Hi Elisa, Great to meet you here. I am curious at what stage I should hire a CFO. I am in the MVP stage of www.TryLoveBuy and currently self funded but will be raising funds as we move along. Do you see advantages to having the CFO in the beginning stages. Thank you, Kara Gordon CEOTry Love Buy
As a tech marketer, i've always romanticized the idea of being a marketer-in-residence for a VC firm. Having done that yourself, who would you recommend take that step? What has surprised you about the role in a good or bad way?
It’s an awesome role, and I understand why you are interested in it! It’s a pretty rare job as well -- on a percent basis, there aren’t that many VC firms that have full-time dedicated marketing staff. The best advice I have is to try to meet as many VCs as you can, so when an opportunity comes up, you are in the flow as a known potential candidate. I have been surprised about how much I enjoy the role, and how much impact you can have in marketing for a VC firm. I have also been surprised about how much of venture capital truly is a team sport. Especially true for the way we practice venture at Greylock.
Hi @ElisaSchreiber!In your experience, what are 1-3 most important things about communicating effectively?
First define who needs to hear your story. Most companies use the press as a starting point, but you are not crafting your story just for the press. You are also crafting your story for current and potential team members, customers, partners, and even competitors — basically everyone within your extended network needs to understand your story. The key here is that it’s the same story inside and out. When employees are out and about with their friends, they should be telling the same story about your company that your PR team is telling the press.Next, understand that your company does not exist in a vacuum. You are part of a larger zeitgeist - for better or worse. Cutting through the noise requires you to acknowledge the broader environment in which you operate, and to develop a core message about why you are different and better. This should be 1-2 sentences. If you can’t say it in 1-2 sentences, then you don’t have it yet. Lastly, your marketing should sound like a human. Stop polishing the heart out of everything. Find your true north star, write it down and let it guide the way.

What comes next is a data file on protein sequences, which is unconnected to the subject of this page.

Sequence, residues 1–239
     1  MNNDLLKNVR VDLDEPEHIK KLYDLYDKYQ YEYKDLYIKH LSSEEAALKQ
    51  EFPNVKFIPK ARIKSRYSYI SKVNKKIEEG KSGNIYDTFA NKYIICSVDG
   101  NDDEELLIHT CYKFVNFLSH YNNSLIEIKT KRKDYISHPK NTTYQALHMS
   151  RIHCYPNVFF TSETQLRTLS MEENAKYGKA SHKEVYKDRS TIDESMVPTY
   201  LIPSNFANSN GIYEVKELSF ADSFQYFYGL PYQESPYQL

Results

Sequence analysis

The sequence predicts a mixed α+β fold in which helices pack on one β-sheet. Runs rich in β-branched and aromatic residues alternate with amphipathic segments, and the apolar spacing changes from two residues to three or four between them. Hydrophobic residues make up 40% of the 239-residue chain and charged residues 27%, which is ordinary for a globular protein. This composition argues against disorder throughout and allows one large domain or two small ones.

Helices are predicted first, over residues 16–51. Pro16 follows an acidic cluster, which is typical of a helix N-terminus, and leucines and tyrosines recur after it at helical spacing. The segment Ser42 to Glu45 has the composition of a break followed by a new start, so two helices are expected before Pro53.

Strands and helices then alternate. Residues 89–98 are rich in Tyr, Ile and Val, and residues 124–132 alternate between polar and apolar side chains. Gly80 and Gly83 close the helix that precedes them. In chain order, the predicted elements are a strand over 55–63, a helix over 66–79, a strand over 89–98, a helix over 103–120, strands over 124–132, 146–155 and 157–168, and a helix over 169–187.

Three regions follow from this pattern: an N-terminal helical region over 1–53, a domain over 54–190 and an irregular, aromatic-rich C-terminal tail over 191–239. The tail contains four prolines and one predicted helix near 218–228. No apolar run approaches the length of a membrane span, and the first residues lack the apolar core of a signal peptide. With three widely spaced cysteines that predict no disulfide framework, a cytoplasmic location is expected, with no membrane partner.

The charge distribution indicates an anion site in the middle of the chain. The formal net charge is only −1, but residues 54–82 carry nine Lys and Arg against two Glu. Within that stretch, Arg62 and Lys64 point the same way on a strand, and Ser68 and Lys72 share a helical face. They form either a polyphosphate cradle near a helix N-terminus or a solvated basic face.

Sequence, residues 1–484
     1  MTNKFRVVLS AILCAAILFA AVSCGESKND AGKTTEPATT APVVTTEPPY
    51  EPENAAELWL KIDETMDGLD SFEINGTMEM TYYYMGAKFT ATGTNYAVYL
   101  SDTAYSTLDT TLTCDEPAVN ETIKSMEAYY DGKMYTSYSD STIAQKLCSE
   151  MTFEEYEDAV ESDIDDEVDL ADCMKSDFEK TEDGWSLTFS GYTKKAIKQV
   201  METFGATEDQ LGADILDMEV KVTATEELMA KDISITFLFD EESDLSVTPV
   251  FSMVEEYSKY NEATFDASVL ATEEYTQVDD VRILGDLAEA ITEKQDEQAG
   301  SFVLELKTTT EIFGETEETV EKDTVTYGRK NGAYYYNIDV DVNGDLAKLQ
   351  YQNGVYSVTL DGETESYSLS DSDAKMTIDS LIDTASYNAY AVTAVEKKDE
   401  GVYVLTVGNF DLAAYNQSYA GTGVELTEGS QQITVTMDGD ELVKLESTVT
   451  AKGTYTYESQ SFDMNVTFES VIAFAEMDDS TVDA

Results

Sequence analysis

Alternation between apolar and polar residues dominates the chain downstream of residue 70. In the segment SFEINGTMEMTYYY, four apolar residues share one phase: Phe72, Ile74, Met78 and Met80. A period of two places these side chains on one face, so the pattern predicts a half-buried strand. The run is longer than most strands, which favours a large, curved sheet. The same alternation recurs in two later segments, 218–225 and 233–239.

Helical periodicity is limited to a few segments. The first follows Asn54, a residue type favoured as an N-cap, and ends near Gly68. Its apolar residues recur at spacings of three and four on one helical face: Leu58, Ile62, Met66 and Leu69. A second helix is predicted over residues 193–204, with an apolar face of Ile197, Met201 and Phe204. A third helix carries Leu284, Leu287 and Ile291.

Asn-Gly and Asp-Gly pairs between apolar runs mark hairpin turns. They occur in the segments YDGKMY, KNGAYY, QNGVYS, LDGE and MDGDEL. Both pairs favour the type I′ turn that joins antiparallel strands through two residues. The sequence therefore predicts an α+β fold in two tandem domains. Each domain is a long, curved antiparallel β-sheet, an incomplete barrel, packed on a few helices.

@ElisaSchreiber thank you for taking time to summarise!I can relate to the 2nd and 3rd points!About your first point, my experience is that customers and investors are interested in hearing different "stories" (framing). Would be curious to hear what's your take on this?
Hi Elisa!Great to e-meet you! I spent a little over a year as the marketing lead at an incubator. While I was there I missed the feeling of being embedded in a product because in that role you support a bunch of teams, but aren’t on any in particular. However, now that I’m back on a singular marketing team, I do sometimes miss the broad scope. I’m curious how your transition has been moving from being at Hulu, spending all your time marketing only Hulu, to now supporting a portfolio of business? And what made you decide to make that move?